Day 19: Khote - Chetera.
A new route has now been completed which stays high on the open hillsides west of the Hinku river, rather than wind through the forests down below. This makes for a quicker return with some fantastic views back of Mera herself from a completely different angle. Chetera (4,150m) is a small pasture by an enormous free-standing rock. Overnight in teahouse or camping. (all meals and hot drinks included)

Day 20: Chetera - Lukla.

The trail goes over a series of rises and a high plateau before we finally reach the craggy Zatrawa La (4,580m), where we look back on the Hinku wilderness for the last time and the south face of the peak we have just climbed. A gradual descent takes us towards the rocky outcrop of the Zatr Og. Changing our direction to head north we descend now steeply from the Kalo Himal, the ‘black mountains’, into the rocky slopes and cascading streams of the Sherpa populated Dudh Kosi valley. The high crags give way to forest, where we have lunch in a clearing, then to farmland as we approach the tourist bustle of Lukla (2,850m), our night stop, still high above the river. The village of our outward trek now feels like a metropolis, and a wild party is inevitable. Overnight in teahouse or camping. (all meals and hot drinks included)

Day 21: Flight from Lukla to Kathmandu.
From Lukla, we take an early morning flight to Kathmandu.

Day 22: Free day in Kathmandu
We allow for this extra day in Kathmandu in case of canceled mountain flights or other unexpected hitches. O/N at guesthouse in Kathmandu (breakfast included)

Day 23: Transfer to international airport for your final departure.
If you are interested in continuing on to the Chitwan Jungle Safari, River Rafting Adventure or any other tours you can start today.

If on the other hand your trip is at an end, we will say goodbye for now and our Airport Representative will drop you at the Kathmandu International Airport for your flight departure from Nepal.

Trip Inclusion

  •  Airport pickup and drop by private vehicle in Kathmandu.
  • Four nights’ hotel accommodation in Kathmandu with breakfast included.
  • Guided city tour in Kathmandu in private vehicle as per itinerary.
  • Meals on full board (Breakfast, lunch and dinner) during trekking period prepared by our cook with Tea and coffee.
  • Local fresh fruits where available.
  • Surface Transport to and from Kathmandu.
  • Twin sharing tented camp accommodation and equipment during the camping trek. (We will provide waterproof two men tents, dining tents, kitchen gears, dining table, chairs, toilet tents, shower tent etc.)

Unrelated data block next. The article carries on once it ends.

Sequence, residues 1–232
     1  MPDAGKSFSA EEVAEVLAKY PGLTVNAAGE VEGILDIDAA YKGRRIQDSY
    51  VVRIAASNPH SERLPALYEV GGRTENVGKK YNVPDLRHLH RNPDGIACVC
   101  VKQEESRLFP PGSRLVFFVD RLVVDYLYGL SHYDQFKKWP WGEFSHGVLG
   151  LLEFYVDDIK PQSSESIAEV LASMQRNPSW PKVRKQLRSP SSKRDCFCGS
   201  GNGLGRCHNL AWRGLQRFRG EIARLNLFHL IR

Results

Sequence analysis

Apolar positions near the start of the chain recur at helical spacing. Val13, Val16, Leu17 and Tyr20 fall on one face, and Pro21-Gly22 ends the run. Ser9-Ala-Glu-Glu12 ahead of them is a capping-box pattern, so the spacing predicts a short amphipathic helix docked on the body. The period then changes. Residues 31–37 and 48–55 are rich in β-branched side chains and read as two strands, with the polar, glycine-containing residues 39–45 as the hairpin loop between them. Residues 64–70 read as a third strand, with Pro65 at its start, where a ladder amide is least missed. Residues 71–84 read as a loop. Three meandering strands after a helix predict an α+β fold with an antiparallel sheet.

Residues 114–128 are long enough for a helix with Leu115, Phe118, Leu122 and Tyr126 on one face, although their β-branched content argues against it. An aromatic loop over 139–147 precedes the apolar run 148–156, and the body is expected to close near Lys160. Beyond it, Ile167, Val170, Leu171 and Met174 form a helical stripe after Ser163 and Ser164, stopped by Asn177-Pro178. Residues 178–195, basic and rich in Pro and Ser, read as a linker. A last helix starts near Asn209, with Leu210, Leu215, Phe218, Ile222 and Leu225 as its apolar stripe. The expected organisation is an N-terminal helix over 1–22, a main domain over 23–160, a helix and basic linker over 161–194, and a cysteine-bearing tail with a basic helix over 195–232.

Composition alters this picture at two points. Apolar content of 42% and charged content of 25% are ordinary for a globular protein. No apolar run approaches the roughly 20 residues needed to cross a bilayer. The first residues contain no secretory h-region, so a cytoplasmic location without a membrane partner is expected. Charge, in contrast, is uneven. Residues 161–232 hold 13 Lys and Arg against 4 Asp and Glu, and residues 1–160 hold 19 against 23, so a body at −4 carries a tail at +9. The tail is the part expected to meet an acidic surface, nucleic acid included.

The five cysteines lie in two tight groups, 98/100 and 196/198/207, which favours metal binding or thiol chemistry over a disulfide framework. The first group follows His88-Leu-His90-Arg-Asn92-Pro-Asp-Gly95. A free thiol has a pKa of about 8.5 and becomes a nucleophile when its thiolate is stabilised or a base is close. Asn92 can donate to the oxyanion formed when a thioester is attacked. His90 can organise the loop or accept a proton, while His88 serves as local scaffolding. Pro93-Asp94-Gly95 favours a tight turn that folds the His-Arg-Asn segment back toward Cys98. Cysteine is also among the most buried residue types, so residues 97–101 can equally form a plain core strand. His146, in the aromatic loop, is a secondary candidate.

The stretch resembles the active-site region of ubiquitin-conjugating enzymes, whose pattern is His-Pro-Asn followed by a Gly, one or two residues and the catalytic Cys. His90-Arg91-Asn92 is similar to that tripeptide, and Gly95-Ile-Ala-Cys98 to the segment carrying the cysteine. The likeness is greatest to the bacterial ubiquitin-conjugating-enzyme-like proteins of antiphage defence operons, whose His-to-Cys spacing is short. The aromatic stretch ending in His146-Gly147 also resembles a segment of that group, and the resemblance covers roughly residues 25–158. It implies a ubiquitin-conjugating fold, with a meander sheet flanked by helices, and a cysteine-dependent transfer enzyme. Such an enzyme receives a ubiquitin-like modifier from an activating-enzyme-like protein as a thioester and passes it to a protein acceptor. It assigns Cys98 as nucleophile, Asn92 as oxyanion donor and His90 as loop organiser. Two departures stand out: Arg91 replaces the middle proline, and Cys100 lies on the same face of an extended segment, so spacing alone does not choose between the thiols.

• Trekking map, one in a group.
  • Trekking porter/Sherpa to carry your bags during the trekking 2:1, max 20 KG baggage/porter.
  • All camping gear and necessary staff for carrying, cooking and building camps.
  • A local government licensed English speaking Guide during the trek, the required number of cooks, porters, their food, accommodation, salary, insurance, equipment, medicine, transportation.
  • Group medical supplies (first aid kit will be available).
  • Boiled and purified drinking water for the trek.
  • All required special trekking permits and conservation fees.
  • TIMS (Trekkers\' Information Management System).
  • All government taxes and our service charges.
  • Farewell Dinner before departure.

Trip Exclusion

  •  Lunch and dinner in Kathmandu.
  • Your Travel insurance (Mandatory).
  • International airfare and date change or ticket re issuance charges.
  • Nepal entry visa fee (you obtain a visa easily upon your arrival at Tribhuwan International Airport Kathmandu). You will require 2 passport size photos.
  • Tips for trekking staff and driver. (Tipping is expected but not mandatory).
  • Alcoholic drinks, cold drinks, and supplementary hot drinks
  • Items of a personal nature such as laundry, phone calls and internet service.
  • Personal trekking Equipments.
  • Sightseeing/Monuments entrance fees in Kathmandu.
  • Any others expenses not mentioned on package Includes section.

Extra Services

  •  The itinerary is modifiable as per needs and time frame of trekkers.
  • Cost will be re calculated if the itinerary is changed.
  • Additional activities may be added as per trekkers request with appropriate additional cost.
  • The cost may also be affected if there is a requirement for extra guides and porters.
  • For any kind of change please contact us by mail or call